In “Decked-Out Dorms,” BU Today’s new series, students show off their stylish and unique dorm rooms and apartments, dish on where they found their bedding and decor, and talk about the trinkets that remind them of home. Is your room worth sharing? Email firstname.lastname@example.org. To peek inside the first dorm room in this series, click here.
Name: Evan Dann (ENG’21)
Address: A four-person suite in the newly renovated Myles Standish Hall; he shares a double with roommate James De Nully (COM’21).
Short bio: This biomedical engineering major hails from Maryland and hopes to go to medical school. He says he’s thinking of focusing on expedition medicine, where he would travel to far-off, difficult-to-reach locations to care for patients. He will be well prepared, since he is already a licensed EMT and a proud Eagle Scout.
Fashion credentials: Dann is pretty nonchalant about his design choices, but admits he’s been told that his room has a very “Pottery Barn-esque vibe.”
Hidden in the details: His room isn’t overly flashy, but he expertly displays many of his hobbies and passions—look for the anatomical illustrations, 3-D printed coffee filter holder, and hockey skates (he played in high school and occasionally skates at FitRec).
Where he shops: Most design-related objects in Dann’s room came from either the DIY-paradise Michaels or Bed Bath & Beyond or were things he made himself.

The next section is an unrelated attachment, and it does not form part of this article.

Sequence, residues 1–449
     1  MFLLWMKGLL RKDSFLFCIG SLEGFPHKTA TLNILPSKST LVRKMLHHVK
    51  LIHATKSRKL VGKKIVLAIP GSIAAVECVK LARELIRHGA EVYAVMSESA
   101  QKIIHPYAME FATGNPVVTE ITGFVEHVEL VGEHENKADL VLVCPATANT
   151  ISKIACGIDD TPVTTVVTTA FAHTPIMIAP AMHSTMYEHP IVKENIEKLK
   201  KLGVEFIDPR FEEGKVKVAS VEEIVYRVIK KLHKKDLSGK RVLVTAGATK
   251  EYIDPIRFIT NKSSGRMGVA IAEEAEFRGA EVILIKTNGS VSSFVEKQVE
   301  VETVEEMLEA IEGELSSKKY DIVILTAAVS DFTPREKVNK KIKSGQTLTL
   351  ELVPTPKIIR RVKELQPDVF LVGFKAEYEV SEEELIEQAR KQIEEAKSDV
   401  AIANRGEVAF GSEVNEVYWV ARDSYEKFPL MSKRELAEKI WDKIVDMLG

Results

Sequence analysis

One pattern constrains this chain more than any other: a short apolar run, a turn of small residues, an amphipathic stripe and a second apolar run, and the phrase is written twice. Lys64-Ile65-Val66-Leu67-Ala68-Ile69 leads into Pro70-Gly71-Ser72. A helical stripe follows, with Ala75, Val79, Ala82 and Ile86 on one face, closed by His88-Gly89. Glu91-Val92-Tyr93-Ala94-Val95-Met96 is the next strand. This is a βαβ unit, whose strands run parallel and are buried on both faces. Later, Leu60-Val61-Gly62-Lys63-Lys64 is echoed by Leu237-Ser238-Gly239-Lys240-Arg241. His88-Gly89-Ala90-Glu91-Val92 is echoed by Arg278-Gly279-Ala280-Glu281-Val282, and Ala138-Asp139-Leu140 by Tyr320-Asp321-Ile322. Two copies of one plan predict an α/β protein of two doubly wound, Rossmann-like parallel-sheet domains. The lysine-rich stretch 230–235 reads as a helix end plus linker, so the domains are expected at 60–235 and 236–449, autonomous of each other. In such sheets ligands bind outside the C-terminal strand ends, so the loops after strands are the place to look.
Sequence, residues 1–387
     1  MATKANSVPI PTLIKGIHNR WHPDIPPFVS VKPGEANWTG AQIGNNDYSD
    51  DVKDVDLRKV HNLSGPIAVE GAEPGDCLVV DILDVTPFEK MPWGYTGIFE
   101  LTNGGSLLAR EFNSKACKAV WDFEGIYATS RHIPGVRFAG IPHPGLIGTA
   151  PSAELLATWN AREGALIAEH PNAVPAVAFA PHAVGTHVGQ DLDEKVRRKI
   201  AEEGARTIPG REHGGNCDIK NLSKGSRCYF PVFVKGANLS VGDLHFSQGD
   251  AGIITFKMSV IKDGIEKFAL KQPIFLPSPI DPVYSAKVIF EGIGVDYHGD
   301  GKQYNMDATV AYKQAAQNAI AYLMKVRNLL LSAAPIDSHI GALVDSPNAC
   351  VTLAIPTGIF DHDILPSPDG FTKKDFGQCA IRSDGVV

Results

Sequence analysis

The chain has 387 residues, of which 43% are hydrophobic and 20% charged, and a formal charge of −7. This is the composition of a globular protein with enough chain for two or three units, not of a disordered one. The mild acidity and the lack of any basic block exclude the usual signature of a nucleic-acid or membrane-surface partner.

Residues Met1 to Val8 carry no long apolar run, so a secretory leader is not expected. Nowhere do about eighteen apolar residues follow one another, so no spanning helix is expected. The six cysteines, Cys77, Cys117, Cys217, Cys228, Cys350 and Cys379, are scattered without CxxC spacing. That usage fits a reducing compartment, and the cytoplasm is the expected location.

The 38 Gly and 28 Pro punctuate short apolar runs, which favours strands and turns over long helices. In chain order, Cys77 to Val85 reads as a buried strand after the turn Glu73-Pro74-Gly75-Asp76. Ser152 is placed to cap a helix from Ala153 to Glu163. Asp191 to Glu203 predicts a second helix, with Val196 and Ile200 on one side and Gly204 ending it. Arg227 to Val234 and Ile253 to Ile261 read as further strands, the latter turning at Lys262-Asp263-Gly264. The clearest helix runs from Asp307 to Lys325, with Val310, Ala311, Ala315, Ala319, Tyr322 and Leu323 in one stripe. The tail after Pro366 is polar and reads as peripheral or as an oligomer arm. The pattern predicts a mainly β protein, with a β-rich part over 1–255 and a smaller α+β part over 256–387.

How much did all of this cost? The maps are free downloads that he then printed, the monogrammed pillows were $15 finds at Bed Bath & Beyond, and the frames are from Michaels, a bargain at $20 for six frames. Don’t forget to use coupons where you can, he advises, and if you go during a big sale, be sure to stock up.
A popular trend he shamelessly follows: Dann is a big believer in hygge, a Danish design philosophy that translates to cozy. He has a book about it, and stacked neatly in his room are slippers, warm blankets, and a coffee cart, which all help him achieve the desired effect.
Random tips: Hang stuff in a frame—it looks much neater than just taping a photo on the wall. Create your own art with free downloads, then crop to the appropriate size, and frame. Use 3M hooks to hang. They’re easy to remove at the end of the year.